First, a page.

Crates filled with rare pre-Columbian vases, urns, gold amulets and figurines were seized at Madrid’s Barajas International Airport during a global operation called Athena II. Led by the World Customs Organization (WCO) and INTERPOL more than 19,000 archaeological artifacts and artworks were recovered from 103 countries among them Colombia, smuggled through international criminal networks of art and antiquities traffickers.
Many of the pre-Columbian items can be traced to the ancient Tayrona, Tumaco, Quimbaya and Muisca cultures. Members of the Colombian chapter of INTERPOL worked closely with European counterparts during Operation Pandora IV coordinated by the Spanish Civil Guard (Guardia Civil) and Europol.
During the crackdown, 101 suspects were arrested and 300 investigations opened against organized networks looting archaeological goods and art from war-stricken countries, as well as works stolen from museums and historical sites. Seizures in Afghanistan, Turkey, Argentina and Latvia include ancient coins, ceramics, weapons, paintings and fossils. Among the pre-Columbian items recovered is a Tumaco culture gold mask, gold “Tunjos” (figurines) and jewelry.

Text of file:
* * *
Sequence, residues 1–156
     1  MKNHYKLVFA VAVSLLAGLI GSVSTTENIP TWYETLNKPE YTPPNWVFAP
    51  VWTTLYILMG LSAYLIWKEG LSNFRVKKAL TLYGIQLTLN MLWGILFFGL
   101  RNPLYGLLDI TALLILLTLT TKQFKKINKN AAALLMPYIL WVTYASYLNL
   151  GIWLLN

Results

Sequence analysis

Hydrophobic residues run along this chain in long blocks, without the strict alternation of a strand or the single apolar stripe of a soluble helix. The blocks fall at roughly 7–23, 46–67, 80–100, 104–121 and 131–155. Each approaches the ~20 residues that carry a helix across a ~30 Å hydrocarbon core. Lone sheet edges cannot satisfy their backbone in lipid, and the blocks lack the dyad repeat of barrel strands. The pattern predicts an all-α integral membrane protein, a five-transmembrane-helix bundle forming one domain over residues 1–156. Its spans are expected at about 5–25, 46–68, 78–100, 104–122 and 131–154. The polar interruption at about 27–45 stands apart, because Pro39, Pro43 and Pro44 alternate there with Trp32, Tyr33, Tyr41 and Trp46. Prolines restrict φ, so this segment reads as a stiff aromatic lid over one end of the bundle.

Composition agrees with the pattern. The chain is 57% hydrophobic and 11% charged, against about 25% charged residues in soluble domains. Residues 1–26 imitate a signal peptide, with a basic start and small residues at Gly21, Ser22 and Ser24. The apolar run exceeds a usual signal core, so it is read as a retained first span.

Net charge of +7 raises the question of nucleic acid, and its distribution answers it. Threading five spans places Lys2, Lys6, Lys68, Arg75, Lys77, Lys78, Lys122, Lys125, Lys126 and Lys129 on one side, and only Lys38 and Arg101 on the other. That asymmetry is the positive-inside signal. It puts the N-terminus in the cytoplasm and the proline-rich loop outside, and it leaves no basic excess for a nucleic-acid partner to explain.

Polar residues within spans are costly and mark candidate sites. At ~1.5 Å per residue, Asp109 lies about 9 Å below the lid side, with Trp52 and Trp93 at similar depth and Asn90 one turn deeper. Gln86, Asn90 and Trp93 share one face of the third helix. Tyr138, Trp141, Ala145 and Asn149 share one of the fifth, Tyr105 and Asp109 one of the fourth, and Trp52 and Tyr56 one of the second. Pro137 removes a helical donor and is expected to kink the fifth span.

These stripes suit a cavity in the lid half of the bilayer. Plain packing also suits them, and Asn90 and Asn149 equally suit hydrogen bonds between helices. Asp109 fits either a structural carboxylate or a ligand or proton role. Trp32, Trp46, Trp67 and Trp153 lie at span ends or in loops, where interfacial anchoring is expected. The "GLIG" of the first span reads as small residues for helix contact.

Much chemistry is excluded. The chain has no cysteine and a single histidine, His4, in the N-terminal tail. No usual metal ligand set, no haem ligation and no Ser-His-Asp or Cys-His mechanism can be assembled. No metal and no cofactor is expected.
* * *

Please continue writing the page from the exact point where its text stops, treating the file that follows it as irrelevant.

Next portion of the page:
Three traffickers were arrested in Spain and Colombian authorities carried-out house searches in Bogotá, resulting in the recovery of an additional 242 pre-Columbian objects, the largest ever raid in this country’s history. Law enforcement officers also monitored online market places and sales sites, as the Internet is an important part of the illicit trade in cultural goods. This is the second time that Europol, INTERPOL and the WCO join forces to dismantle the illicit trade in cultural heritage.
“The number of arrests and objects show the scale and global reach of the illicit trade in cultural artifacts, where every country with a rich heritage is a potential target,” said INTERPOL Secretary General Jürgen Stock. “If you then take the significant amounts of money involved and the secrecy of the transactions, this also presents opportunities for money laundering and fraud as well as financing organized crime networks,” added the law enforcement official.
“Organized crime has many faces. The trafficking of cultural goods is one of them: it is not a glamorous business run by flamboyant gentlemen forgers, but by international criminal networks. You cannot look at it separately from combating trafficking in drugs and weapons: we know that the same groups are engaged, because it generates big money. Given that this is a global phenomenon affecting every country on the planet – either as a source, transit or destination, it is crucial that Law Enforcement all work together to combat it. Europol, in its role as the European Law Enforcement Agency, supported the EU countries involved in this global crackdown by using its intelligence capabilities to identify the pan-European networks behind these thefts,” said Catherine de Bolle, Europol’s Executive Director.